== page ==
The Finnish Amphibian is a very simple strategy. All that the practicing states or regional blocs have to do is report on a phantom ‘Russian sub’ sighting, preferably with as much media paranoia as possible but providing no proof whatsoever, and then use the subsequent buzz to justify the potential mobilization of a massive land-based reservist force. This leads to the militarization of society within the targeted state and initiates a siege mentality that makes its citizens feel as though they’re constantly under some type of Russian attack. None of the accusations have to be proven, let alone even seen by the citizens themselves, so long as the media and supportive political figures repeat the chorus of conflict enough to make it believable. An added touch would be to implement Sweden’s strategy of publicly accusing 1/3 of all Russian diplomats there as being spies, which when coupled with the existing paranoia about phantom ‘Russian subs’, sends the populace’s paranoia into overdrive and all but assures that they’ll support whichever military or surveillance solutions their government or NATO suggests.

Concluding Thoughts

NATO’s northernmost regional fighting group, the Viking Bloc, owes its speedy creation to the utilization of phantom ‘Russian sub’ scare tactics to galvanize support for this new initiative. Greater Scandinavia is rapidly being transformed into one giant NATO naval base that’s meant to confront Russia on the neighboring high seas. As destabilizing as that is, it moves into the realm of flashpoint danger with the fact that Finland is preparing to mobilize 1/5 of its population against Russia, thus presenting an amphibious land-based component to the majority sea-focused strategy. Even worse, the template of using false sea-based scares to ‘justify’ massive land-based mobilizations could likely be applied elsewhere in Europe, thereby serving as an ideal model of militarization all throughout NATO. It’s this hybrid of media-military strategic collaboration that may eventually prove to be more destabilizing than the unveiling of the Viking Bloc itself.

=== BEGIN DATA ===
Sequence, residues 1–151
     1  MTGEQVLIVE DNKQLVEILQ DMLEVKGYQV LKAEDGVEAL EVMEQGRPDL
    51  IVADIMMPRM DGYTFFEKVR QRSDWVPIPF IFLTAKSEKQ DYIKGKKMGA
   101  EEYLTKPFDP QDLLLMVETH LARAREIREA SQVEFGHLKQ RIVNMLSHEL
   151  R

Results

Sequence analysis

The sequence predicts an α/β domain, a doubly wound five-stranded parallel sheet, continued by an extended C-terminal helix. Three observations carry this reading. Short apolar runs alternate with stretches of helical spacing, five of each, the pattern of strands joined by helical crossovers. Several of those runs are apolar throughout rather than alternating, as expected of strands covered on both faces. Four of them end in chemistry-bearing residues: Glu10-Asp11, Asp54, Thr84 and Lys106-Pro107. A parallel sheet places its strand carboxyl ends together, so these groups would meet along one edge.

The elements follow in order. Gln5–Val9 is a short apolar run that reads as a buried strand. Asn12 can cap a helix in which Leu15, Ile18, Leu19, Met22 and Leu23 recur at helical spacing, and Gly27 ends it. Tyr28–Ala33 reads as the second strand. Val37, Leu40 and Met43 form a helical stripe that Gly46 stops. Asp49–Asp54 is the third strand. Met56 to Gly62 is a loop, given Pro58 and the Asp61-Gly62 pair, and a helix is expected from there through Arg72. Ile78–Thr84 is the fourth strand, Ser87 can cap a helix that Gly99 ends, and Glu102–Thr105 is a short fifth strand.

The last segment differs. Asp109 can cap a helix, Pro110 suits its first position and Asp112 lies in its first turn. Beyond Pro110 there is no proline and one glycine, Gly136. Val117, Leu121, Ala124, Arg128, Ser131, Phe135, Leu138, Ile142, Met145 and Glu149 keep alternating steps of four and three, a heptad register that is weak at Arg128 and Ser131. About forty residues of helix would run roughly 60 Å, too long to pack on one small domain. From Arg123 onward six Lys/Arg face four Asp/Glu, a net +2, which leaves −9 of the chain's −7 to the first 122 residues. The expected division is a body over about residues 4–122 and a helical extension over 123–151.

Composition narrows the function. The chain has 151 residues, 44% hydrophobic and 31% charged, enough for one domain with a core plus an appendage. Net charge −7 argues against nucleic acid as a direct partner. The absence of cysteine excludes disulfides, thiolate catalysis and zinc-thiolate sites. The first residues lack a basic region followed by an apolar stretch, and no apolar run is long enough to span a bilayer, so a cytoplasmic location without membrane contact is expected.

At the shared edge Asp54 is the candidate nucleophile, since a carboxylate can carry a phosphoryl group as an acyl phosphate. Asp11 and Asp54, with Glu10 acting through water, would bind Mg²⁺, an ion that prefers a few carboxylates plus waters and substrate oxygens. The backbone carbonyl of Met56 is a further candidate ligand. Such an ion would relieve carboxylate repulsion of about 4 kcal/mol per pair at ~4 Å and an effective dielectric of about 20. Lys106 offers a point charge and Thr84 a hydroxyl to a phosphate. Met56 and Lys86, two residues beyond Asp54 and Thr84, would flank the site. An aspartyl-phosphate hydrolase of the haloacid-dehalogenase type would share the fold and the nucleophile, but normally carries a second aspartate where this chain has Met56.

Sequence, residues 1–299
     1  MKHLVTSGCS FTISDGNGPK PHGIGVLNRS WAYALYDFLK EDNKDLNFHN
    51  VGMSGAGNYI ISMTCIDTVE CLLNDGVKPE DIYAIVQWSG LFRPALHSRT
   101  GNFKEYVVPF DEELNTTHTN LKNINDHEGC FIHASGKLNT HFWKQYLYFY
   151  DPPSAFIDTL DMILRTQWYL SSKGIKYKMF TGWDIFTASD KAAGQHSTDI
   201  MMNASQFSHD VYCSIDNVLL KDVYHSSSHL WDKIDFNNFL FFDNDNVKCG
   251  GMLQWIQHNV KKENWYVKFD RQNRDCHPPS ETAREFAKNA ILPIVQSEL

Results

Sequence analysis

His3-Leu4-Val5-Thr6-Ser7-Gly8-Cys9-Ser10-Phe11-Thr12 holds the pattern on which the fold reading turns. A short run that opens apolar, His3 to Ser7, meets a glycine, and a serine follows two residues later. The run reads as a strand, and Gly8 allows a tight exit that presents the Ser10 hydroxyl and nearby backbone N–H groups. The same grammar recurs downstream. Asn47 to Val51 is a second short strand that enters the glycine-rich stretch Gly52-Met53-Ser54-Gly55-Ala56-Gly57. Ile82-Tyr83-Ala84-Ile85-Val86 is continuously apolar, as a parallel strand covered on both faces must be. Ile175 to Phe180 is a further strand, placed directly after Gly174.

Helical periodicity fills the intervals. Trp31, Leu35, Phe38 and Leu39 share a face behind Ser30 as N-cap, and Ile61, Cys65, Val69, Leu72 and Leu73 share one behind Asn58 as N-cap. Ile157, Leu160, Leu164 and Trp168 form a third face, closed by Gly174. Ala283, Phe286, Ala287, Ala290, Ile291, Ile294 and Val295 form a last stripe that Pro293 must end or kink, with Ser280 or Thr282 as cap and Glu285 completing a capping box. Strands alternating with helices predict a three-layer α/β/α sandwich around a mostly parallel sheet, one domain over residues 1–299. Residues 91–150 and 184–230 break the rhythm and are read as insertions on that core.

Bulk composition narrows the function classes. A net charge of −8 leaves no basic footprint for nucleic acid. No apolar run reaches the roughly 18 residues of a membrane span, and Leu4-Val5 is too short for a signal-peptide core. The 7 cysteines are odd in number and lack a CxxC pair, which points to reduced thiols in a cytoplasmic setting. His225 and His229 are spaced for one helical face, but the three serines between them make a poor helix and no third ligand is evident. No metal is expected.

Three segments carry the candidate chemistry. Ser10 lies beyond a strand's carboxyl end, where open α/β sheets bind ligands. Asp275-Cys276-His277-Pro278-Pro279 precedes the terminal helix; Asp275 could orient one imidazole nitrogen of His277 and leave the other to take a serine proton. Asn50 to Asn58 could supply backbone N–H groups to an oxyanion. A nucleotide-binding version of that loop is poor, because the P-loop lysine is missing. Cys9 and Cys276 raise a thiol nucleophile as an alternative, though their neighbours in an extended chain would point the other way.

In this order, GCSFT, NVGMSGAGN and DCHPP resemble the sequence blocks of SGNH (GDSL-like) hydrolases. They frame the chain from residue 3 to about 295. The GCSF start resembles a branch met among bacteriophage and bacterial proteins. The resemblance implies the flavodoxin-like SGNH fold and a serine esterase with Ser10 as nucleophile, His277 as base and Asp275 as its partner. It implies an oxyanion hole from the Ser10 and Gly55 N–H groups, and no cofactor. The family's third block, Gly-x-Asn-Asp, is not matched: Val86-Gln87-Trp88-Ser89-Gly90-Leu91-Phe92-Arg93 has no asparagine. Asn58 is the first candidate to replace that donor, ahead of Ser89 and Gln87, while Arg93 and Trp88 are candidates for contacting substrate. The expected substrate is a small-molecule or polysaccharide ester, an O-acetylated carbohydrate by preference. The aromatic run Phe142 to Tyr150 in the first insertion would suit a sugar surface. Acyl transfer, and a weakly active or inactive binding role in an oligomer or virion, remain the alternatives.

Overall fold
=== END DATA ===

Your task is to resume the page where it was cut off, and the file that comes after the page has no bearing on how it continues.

May 6, 2015 Posted by | Deception, Mainstream Media, Warmongering, Militarism | , , , , , , , , , | Leave a comment

Anti-NATO parties grab top spots in Finland general election

RT | April 19, 2015

The Prime Minister of Finland has acknowledged the victory of the opposition Centre Party in Sunday’s general election. With most of the votes counted, Centre has 21 percent support, which translates to a potential 44 seats in the country’s parliament.

“It appears the Centre has won. Congratulations,” PM Alexander Stubb, a staunch EU backer, said, according to Finnish broadcaster Yle.

However, with only 44 seats, Centre will have to form a ruling coalition. “This result will enable several possible coalition combinations”, party leader Juha Sipila told reporters.

The Centre has several potential allies to choose from. These include the nationalist Finns Party, which is currently second with 17.6 percent of the vote. Like the Centre, the Finns are against NATO membership for Finland, with the Finns also striving for more independence from the EU.

They are closely followed by the National Coalition Party (NCP), with 18.1 percent. The NCP is the only party in the top four which advocates both NATO membership and closer ties with the EU.

The Social Democratic Party, at fourth place with 16.7 percent, is another potential member for the ruling coalition. Like Centre and the Finns, it is against NATO – as many as 91 percent of its members saying they are oppose it.

Other runners include the Greens, the Left party the pro-minority Swedish People’s Party and the Christian Democrats, none of which got more than eight percent of the vote.

April 19, 2015 Posted by | Economics | , , | Leave a comment